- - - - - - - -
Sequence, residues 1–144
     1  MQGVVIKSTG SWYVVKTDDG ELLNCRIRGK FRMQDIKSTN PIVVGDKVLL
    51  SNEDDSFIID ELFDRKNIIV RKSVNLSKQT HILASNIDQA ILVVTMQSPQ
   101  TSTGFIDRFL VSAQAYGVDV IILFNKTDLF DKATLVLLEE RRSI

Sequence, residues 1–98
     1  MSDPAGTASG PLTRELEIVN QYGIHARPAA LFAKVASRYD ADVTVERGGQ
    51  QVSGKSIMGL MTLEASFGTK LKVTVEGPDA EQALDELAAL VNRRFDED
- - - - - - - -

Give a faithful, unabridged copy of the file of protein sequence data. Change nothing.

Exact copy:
Sequence, residues 1–144
     1  MQGVVIKSTG SWYVVKTDDG ELLNCRIRGK FRMQDIKSTN PIVVGDKVLL
    51  SNEDDSFIID ELFDRKNIIV RKSVNLSKQT HILASNIDQA ILVVTMQSPQ
   101  TSTGFIDRFL VSAQAYGVDV IILFNKTDLF DKATLVLLEE RRSI

Sequence, residues 1–98
     1  MSDPAGTASG PLTRELEIVN QYGIHARPAA LFAKVASRYD ADVTVERGGQ
    51  QVSGKSIMGL MTLEASFGTK LKVTVEGPDA EQALDELAAL VNRRFDED